As a photographer of limited skill and talent, I know there are scenes in my garden that I'll never be able to fully capture with my camera. And even the most skilled and talented photographers can't capture all of the elements - the scent, the sound, the feel of the air. So why is it that when I encounter one of those scenes - one that stops me in my tracks, makes my heart beat fast, causes me to whisper an awe-filled "thank you" - my very next impulse is to go get the camera?
Surely I want to preserve the moment for myself - the photos, after all, will remind me of the smells and the sounds and the awe. But it's more than that. I know it's more because the next thing I want to do is show someone the photos I've taken. I want to share the experience.
Is this universally true of gardeners - that we all want to share our gardens?
This time of year there is so much I want to share!
|This little wren had to wrestle some of those twigs inside the bird house.|
|The Shasta Daisies must be the cheeriest flowers in the garden.|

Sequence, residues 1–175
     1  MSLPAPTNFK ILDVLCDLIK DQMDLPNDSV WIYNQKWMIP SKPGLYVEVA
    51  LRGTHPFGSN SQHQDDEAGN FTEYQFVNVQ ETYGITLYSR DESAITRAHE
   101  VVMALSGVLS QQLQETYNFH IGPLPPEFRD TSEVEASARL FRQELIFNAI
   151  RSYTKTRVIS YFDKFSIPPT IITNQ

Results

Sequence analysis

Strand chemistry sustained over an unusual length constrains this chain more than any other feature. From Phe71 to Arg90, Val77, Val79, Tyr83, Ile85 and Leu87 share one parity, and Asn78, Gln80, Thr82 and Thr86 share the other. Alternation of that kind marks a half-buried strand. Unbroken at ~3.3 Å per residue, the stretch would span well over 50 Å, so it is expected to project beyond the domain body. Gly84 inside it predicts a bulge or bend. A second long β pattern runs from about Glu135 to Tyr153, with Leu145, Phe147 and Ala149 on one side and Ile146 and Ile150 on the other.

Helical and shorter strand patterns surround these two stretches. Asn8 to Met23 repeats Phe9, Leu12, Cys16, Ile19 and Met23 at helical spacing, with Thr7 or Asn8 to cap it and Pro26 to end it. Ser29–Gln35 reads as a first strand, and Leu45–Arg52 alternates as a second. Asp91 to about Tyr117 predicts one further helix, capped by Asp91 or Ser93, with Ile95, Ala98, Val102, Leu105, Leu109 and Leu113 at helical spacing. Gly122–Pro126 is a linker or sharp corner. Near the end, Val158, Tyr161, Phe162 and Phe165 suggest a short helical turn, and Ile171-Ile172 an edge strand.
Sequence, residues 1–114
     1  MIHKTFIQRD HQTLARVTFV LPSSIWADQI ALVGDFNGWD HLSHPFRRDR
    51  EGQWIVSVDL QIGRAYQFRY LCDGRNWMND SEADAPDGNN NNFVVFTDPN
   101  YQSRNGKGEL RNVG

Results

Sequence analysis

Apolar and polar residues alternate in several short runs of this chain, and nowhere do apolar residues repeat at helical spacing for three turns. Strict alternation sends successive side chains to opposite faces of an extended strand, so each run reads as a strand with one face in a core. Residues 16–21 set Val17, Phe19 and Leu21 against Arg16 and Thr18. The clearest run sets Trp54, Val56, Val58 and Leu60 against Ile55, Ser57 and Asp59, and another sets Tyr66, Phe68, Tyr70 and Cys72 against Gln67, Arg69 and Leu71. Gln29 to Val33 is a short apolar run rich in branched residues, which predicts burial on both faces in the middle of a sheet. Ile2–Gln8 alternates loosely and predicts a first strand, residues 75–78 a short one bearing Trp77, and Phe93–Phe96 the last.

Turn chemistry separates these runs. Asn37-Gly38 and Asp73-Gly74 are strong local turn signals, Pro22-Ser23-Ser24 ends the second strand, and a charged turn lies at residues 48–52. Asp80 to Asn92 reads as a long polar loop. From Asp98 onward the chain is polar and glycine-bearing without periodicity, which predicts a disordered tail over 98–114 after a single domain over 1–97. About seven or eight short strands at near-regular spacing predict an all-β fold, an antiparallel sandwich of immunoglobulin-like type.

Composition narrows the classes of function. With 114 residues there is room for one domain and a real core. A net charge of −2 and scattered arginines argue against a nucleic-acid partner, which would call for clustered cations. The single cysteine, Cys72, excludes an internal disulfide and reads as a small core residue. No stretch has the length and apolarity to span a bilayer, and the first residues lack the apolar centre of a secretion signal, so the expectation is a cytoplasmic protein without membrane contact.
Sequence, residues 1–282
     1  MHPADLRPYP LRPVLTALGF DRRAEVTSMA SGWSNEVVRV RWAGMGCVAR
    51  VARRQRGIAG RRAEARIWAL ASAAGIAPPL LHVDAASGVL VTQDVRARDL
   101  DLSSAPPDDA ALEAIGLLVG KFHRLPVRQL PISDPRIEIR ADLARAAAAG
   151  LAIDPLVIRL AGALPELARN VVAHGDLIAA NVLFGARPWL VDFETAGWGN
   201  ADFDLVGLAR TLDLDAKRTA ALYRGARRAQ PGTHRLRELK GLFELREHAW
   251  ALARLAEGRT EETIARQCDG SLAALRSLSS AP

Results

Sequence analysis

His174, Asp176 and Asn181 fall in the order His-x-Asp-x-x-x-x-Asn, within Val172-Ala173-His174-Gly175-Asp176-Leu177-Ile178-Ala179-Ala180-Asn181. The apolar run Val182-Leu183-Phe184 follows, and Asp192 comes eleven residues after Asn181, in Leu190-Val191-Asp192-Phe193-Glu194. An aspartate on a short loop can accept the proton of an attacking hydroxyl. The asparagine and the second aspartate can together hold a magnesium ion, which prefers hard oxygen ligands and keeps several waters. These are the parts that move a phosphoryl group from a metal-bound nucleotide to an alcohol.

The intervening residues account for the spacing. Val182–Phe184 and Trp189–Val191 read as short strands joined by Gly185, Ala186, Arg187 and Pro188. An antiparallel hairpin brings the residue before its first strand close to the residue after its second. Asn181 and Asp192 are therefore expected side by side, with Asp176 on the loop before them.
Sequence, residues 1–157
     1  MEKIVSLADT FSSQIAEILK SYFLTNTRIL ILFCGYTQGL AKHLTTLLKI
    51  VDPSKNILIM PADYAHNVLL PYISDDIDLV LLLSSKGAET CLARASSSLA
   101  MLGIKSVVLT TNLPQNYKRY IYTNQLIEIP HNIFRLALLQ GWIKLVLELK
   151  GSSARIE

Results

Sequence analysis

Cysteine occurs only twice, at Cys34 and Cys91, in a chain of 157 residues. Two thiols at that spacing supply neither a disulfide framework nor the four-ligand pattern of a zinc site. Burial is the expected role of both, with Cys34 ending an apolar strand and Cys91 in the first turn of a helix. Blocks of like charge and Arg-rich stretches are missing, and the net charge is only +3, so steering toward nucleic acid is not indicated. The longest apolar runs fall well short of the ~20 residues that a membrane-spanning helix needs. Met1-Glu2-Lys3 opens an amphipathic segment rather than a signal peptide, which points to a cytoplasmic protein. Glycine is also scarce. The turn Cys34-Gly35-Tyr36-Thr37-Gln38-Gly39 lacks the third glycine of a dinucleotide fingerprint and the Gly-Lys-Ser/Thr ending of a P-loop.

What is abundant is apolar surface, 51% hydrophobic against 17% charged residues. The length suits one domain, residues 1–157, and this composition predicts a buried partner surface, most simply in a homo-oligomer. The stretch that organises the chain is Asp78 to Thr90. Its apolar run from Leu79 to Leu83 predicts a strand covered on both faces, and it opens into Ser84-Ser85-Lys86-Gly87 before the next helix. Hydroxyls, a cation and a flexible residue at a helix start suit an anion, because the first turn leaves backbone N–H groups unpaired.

|Red Yarrow, from our local Master Gardeners Plant Sale|
|I thought the asters bloomed in the fall, but not this variety.|
|I planted a pair of these daisy gardenias beside our sweet dog Bear's grave. |
A sweet flower for a sweet dog.
|I love them when they're opening up.|
|Snow Fountains Gaura - a favorite of the bees.|
|Blue Salvia - the bees love this one, too.|
Can you see the bee in the photo?
|Hosta blooms attract the bees, too.|
|August beauty gardenia|
|My favorite shots of the hydrangeas are the close-ups.|
"Gardening, I told myself, is the most sociable of hobbies. The very nature of one's field of activities demands an audience. No one wants flowers to blush unseen or waste their sweetness."
Barbara Cheney - The Atlantic Monthly, June 1936